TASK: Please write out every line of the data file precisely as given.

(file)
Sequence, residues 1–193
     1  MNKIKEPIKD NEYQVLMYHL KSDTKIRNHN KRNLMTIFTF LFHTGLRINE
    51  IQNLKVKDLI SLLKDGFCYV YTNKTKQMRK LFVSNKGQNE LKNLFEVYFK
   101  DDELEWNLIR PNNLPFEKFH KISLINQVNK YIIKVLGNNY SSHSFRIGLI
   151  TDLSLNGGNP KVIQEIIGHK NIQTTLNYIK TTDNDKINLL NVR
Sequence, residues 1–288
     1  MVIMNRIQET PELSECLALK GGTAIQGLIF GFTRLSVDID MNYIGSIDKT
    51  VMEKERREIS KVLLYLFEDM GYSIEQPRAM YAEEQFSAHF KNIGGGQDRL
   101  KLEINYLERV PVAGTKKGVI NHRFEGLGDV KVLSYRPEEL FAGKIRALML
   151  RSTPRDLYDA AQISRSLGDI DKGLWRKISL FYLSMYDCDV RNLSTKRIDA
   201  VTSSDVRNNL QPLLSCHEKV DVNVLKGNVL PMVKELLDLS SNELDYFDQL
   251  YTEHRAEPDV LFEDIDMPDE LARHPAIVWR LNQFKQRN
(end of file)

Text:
Sequence, residues 1–193
     1  MNKIKEPIKD NEYQVLMYHL KSDTKIRNHN KRNLMTIFTF LFHTGLRINE
    51  IQNLKVKDLI SLLKDGFCYV YTNKTKQMRK LFVSNKGQNE LKNLFEVYFK
   101  DDELEWNLIR PNNLPFEKFH KISLINQVNK YIIKVLGNNY SSHSFRIGLI
   151  TDLSLNGGNP KVIQEIIGHK NIQTTLNYIK TTDNDKINLL NVR
Sequence, residues 1–288
     1  MVIMNRIQET PELSECLALK GGTAIQGLIF GFTRLSVDID MNYIGSIDKT
    51  VMEKERREIS KVLLYLFEDM GYSIEQPRAM YAEEQFSAHF KNIGGGQDRL
   101  KLEINYLERV PVAGTKKGVI NHRFEGLGDV KVLSYRPEEL FAGKIRALML
   151  RSTPRDLYDA AQISRSLGDI DKGLWRKISL FYLSMYDCDV RNLSTKRIDA
   201  VTSSDVRNNL QPLLSCHEKV DVNVLKGNVL PMVKELLDLS SNELDYFDQL
   251  YTEHRAEPDV LFEDIDMPDE LARHPAIVWR LNQFKQRN